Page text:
There are two opposing perspectives on the nature of the immunity problem. To the owner of a piece of electronic equipment, whether radio or non-radio, it often appears that the problem only arises when a radio transmitter is turned on and, consequently, prohibiting such a transmission is the logical solution to the problem. On the other side is the opinion that any electronic device that is not the intended receiver for a radio transmission has no place responding to that transmission, and obviously should have been designed and built so as not to interact with the environment in which it is placed. Any effective resolution must be based upon a compromise between these two positions.
As a start, it must be recognized that there are two classes of electronic equipment to be dealt with under the Radiocommunication Act. The first is RSE as defined in the Act: "radio-sensitive equipment means any device, machinery or equipment, other than radio apparatus, the use or functioning of which is or can be adversely affected by radiocommunication emissions". The second arises because the above definition excludes Radio Apparatus. Radio Apparatus can also suffer from a lack of immunity to radio signals falling outside of the band it is intended to receive. For signals in or near the passband of a radio receiver, interference problems are not viewed as an immunity issue, but rather as characteristics of the radio receiver's selectivity and sensitivity. As such these latter responses are treated as subject to any radio apparatus regulations and standards that may be applicable and problems resolved through frequency assignment processes. A sub-class of equipment requiring special treatment is conventional home entertainment audio and video devices. Although they are generally accepted to be included in the definition of RSE, they are almost invariably found in association with or, more commonly, plugged into, broadcast sound and television receivers. As a result, they have been treated in the international immunity standards as if they were radio apparatus, lumped in with broadcasting receivers. To avoid confusion arising from this inconsistency, they will be treated, for the purposes of this document, as a separate class of apparatus.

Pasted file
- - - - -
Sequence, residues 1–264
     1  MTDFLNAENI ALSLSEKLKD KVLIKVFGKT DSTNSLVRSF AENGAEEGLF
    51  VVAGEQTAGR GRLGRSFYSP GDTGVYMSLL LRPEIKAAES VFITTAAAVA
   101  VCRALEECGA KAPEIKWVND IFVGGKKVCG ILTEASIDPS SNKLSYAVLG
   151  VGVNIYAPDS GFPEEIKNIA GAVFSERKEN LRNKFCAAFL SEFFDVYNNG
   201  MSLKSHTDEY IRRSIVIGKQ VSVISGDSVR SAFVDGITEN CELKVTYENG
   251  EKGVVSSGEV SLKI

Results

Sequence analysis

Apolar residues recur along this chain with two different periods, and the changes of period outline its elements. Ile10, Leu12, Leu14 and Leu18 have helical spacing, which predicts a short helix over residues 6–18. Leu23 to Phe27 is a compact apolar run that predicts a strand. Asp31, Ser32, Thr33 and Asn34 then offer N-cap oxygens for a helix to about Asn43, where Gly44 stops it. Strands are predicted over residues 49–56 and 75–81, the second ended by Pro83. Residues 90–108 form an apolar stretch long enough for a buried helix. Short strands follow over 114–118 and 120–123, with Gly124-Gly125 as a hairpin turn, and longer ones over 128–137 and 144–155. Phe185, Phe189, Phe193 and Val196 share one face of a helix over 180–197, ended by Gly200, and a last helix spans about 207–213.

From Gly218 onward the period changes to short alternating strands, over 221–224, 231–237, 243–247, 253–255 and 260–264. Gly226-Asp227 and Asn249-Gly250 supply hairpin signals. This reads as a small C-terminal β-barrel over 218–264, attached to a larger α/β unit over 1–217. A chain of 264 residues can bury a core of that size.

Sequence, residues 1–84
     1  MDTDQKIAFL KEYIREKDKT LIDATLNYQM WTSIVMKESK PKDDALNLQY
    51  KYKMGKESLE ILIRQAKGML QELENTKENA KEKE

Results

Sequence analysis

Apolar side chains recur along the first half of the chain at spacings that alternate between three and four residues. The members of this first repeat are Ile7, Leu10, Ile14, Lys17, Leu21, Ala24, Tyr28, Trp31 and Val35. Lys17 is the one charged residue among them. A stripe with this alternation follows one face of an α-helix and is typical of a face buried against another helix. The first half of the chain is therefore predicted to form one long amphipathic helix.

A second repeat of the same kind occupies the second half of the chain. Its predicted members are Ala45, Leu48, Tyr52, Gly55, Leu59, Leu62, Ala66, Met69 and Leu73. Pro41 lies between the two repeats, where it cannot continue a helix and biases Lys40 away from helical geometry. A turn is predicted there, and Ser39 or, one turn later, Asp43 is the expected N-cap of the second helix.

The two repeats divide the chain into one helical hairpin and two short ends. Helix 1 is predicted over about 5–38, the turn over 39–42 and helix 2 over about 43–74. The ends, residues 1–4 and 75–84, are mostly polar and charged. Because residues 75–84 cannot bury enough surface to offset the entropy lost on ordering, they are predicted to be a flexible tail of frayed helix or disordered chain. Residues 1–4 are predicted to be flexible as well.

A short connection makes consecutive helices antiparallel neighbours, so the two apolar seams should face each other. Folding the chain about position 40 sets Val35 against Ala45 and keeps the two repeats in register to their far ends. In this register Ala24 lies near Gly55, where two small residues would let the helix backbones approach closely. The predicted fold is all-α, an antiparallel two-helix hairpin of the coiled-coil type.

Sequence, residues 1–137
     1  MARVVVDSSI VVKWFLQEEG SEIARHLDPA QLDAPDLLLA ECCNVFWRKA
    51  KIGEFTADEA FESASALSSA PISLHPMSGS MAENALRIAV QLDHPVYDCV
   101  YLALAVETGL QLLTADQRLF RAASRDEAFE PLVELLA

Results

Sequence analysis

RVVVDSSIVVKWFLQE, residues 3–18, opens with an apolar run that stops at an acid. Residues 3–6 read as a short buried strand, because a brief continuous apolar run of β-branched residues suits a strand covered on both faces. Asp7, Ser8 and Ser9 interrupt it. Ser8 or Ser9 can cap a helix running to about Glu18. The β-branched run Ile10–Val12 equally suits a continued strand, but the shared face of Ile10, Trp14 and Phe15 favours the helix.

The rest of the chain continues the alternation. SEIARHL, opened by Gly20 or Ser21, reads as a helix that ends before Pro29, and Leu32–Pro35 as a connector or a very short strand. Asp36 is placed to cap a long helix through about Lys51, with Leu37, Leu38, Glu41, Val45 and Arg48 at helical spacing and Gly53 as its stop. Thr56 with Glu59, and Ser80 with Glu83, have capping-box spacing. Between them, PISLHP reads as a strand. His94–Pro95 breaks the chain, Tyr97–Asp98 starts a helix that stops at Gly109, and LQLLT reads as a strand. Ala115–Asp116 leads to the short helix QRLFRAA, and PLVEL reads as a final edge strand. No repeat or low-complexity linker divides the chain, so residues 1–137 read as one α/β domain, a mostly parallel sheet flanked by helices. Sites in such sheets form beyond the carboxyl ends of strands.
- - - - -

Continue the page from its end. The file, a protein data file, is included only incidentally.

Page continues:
Therefore, for the application of criteria for the determination of cause, three categories of electronic equipment will be considered. One will consist of equipment for the reception of broadcast sound and television signals. The second will include associated equipment such as audio and video recorders and playback devices, amplifiers and the like (see the Annex for a more complete list of devices.). The third will incorporate all other non-radio electronic equipment. These categories will be referred to as Broadcast Receivers, Associated Equipment and Radio-Sensitive Equipment (RSE), respectively.
The criterion selected for the determination of cause is based upon the principle of minimum overall impact for the users of both radio transmitters and electronic equipment. The method used to do this was to arrive at a limiting value of field strength which balanced the existing characteristics of the electromagnetic environment against reasonably attainable immunity characteristics of electronic equipment. A variety of sources were referenced in arriving at the values chosen, including the results of both immunity and environmental measurements, and the immunity standards currently in force in other countriesFootnote reference 1 and in the international arena. In the end, the criteria cited in this document were based directly upon the limits for radiated immunity prescribed by the immunity standards currently in effector under development in the International Electrotechnical Commission,Footnote reference 2 Footnote reference 3 the competent international standards-writing body.